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Review: The Festival d'Avignon Presents UNA IMAGEN INTERIOR By El Conde de Torrefiel

The insights of Pablo Gisbert's texts are at times profound.

Review: The Festival d'Avignon Presents UNA IMAGEN INTERIOR By El Conde de Torrefiel

The text of Una Imagen Interior, a production by Spanish company El Conde De Torrefiel now in performance at Vedène's Autre Scène du Grand Avignon, is relegated to a bilingual surtitle board. Who does your mind cast in this role of narrator? A whimsical and childlike Björk might be appropriate. A resonant and poetic Maya Angelou might also work. My mind landed on the professorial tenor of David Attenborough. He was a good companion in a work that aspires to transcend "frames."

The piece begins with a large painted tarp on the stage. It looks either like a lesser Pollock or Rorschach's best. The tarp is raised for us to see. The surtitle board springs to life with word association. Words like "Stage," "Theatre," "Avignon," and "Heat" rapidly pass by. It then describes the stage action. We are then informed that we're at a museum and this work is thousands of years old. This painting is, importantly, not a work of religious meaning, but made for its own communal ends. We are introduced to a few of the museum guests milling about the stage. We are told what brought them there, their reaction to the art, and a bit about their personality.

The painting is removed for the second scene, which takes place in a supermarket. The surtitling ponders, "How did all of this get here? This world used to be a desert." An influencer is having a hard go of it with all their travel and stress. Two people chat; one presumes the other to be an employee. They leave the stage. It is at this time that abstract sculptures that resemble fleshy alien mounds buzz around. The first few are very small, though one is as large as a person. The word "Abstract" is added to the cavalcade of vocabulary flashing on the screen.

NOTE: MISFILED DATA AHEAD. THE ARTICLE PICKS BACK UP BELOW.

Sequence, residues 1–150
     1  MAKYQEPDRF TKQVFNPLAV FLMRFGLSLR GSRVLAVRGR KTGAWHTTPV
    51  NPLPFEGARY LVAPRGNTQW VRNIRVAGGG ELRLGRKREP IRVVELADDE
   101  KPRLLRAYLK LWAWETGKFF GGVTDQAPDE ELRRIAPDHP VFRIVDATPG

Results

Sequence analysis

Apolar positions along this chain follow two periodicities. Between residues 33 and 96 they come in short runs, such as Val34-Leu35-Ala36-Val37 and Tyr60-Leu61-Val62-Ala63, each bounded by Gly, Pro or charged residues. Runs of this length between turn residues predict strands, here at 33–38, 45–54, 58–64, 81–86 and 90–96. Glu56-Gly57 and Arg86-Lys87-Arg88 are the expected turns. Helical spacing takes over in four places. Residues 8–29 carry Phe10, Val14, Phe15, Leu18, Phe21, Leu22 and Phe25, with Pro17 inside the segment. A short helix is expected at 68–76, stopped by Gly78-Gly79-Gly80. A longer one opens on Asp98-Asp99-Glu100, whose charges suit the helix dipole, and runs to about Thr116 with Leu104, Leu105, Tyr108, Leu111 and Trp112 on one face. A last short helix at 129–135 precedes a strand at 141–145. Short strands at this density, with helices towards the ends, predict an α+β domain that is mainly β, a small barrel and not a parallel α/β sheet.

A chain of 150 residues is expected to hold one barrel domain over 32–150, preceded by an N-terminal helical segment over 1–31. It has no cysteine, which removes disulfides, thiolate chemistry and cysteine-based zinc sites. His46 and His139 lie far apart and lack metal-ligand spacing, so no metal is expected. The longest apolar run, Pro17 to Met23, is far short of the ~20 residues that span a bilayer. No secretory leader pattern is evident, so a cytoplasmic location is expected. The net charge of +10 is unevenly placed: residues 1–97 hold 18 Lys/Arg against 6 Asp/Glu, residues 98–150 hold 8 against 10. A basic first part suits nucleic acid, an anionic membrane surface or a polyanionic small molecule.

The text contemplates about "fictions." These fictions include politics, identity, and religion. It also includes more seemingly concrete things like shapes. "I don't believe the square exists in nature." I start to chuckle to myself as, at least in my mind, David Attenborough seems to have ingested more than he anticipated. A group of hip looking performers in shades and leather enter the space. These are the text's "friends." They hold their own ritual. Together they then spread out a white tarp on the ground and spray paint on it. The tarp is then folded, and squished, creating a painting that, I imagine, will open the next performance. It is raised for us to see.

The insights of Pablo Gisbert's texts are at times profound. His philosophy is a bit more undergrad stoner than Hamlet, but in that lays the charm. Manoly Rubio Garcia's lighting, particularly in how it transforms the painting in the start, is wonderfully poetic. It takes great advantage of the otherwise maligned "frames." Sound by Uriel Ireland and Rebecca Praga is more engaging and curious than almost anything you're likely to find in the US.

For a piece that is so adamant about releasing ourselves from constraint, we are never given much to aspire to. That the people in the museum and the grocery store were cold and distant is in keeping with the work's thesis. Though I couldn't sort out why everyone seems to have taken The Matrix's red pill as they, with much seriousness, spatter paint on tarp. The work advocates for intimacy and community, though in the end their cast members seem as distant from one another as museum goers. Is this coolness our reward for transcendence?

Photo Credit: Christophe Raynaud de Lage


From This Author - Wesley Doucette

Wesley Doucette is a PhD student in French Literature at the CUNY Grad Center. His research focuses include French cultural institutions such as the Festival d'Avignon and the innovations of ad... (read more about this author)

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